WHen asked When someone tries to pay her with Bitcoin, a woman selling coffee and pastries in San Salvador, the capital of El Salvador, replies, “Thank God,” and refuses to do so. A man who sells soup for lunch erases the idea with a laugh. By phone battery and low morale dinner time, correspondents will be pointed to a bar called Leyendas with the Strike logo, a digital Bitcoin wallet, on the wall. However, attempts to pay with Bitcoin are facing confusion. The owner of the bar that manages the wallet is missing. After some desperate text, he sends the wallet address. Finally, $ 12.50 worth of 26,618 Satoshi (one hundred millionth of Bitcoin) was exchanged for beer.
On September 7, Bitcoin will become legal tender in El Salvador alongside the dollar. The 6.5 million Central American country is the first to attempt such a feat. Those who planned to use Bitcoin a week before the big day were an exception, not a standard. Three-quarters of Salvadorans surveyed by polling firm Disruptiva in July were skeptical of plans to adopt Bitcoin. Two-thirds were willing to pay for it, and just under half knew nothing about it.With the World Bank IMF It warns against adoption, citing macroeconomic stability and the potential impact of Bitcoin on environmental costs.
Fiat currency is usually defined as the money a court must accept to settle a debt. However, El Salvador’s Bitcoin law goes a step further, stating that businesses need to accept cryptocurrencies as payments for goods and services. It also came into effect very quickly. Nayib Bukele, president of the country that controls the majority in the legislative assembly, announced plans to make Bitcoin legal tender at the cryptocurrency conference on June 5. The law was approved after only three days.
Scholars claim that the move is just a stunt. A sob to Ibra Jim and Youssef Bukele, brothers of the president who are crypto enthusiasts. But the president argues that the move will help El Salvador win foreign investment and reduce the cost of remittances. He may not be completely wrong. Gambit can seduce crypto investors with deep pockets (although it can discourage traditional investors). And that experience may provide a case study of whether one of Bitcoin’s long-promoted benefits will benefit the general public.About 2 million Salvadorian diasporas send 20% worth of remittances GDP Home every year. However, cross-border bank transfers and wire transfers are slow and expensive. Bitcoin transfer from wallet to wallet is quick and free.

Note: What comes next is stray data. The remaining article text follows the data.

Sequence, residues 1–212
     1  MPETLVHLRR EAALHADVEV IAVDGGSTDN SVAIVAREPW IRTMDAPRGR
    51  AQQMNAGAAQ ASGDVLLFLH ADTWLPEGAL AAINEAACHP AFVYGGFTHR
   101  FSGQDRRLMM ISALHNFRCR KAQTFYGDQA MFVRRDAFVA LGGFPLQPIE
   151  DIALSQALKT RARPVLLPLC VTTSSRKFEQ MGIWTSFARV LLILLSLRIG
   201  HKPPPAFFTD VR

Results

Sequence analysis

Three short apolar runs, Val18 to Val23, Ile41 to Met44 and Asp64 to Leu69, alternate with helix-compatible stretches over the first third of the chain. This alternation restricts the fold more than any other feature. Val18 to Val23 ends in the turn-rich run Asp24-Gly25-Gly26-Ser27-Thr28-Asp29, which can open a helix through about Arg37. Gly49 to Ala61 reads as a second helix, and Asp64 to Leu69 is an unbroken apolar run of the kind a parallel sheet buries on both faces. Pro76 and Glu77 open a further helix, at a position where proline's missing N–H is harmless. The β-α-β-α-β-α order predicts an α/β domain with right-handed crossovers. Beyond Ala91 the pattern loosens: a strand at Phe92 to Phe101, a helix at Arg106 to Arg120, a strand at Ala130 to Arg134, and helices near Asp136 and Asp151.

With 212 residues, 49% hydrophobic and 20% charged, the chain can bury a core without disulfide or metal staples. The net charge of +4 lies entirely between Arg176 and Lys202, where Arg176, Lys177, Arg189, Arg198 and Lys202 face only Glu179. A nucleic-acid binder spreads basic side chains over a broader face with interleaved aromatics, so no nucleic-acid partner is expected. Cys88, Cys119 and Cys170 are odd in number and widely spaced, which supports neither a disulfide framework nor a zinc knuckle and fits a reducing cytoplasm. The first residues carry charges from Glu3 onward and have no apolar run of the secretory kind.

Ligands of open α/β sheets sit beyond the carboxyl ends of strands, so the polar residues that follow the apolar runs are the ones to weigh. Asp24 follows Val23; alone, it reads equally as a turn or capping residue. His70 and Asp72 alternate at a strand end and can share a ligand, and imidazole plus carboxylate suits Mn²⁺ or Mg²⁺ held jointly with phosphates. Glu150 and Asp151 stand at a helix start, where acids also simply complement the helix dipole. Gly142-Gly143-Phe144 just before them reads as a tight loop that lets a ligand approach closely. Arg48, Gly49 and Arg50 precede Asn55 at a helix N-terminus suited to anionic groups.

This attempt will probably also reveal the limits of Bitcoin. Many locals are, of course, afraid of its volatility and unsuitable for payments and debt. Those who accept it, like Leyendas, do not quote the price in it, but convert it from dollars at the point of sale. It can also incur unexpected charges and prevent its use. There are 200 automatic Bitcoin cash deposit machines nationwide to enable digital wallets to convert cash dollars into Bitcoins.What is used by economist There was a 5% fee. “I’m not going to use it,” says Irma Gómez, who runs a cafeteria near something like that. ATM It is located in Santa Tecla, a town just outside San Salvador. But she is also intrigued. “Let people try it.” ■■
For a more professional analysis of the biggest stories of economics, business and markets, Sign up for MoneyTalks, Weekly newsletter.
This article was published in the printed version of the Treasury and Economy section under the heading “Satoshisforcervezas”.
Using bitcoin as legal tender Source link Using bitcoin as legal tender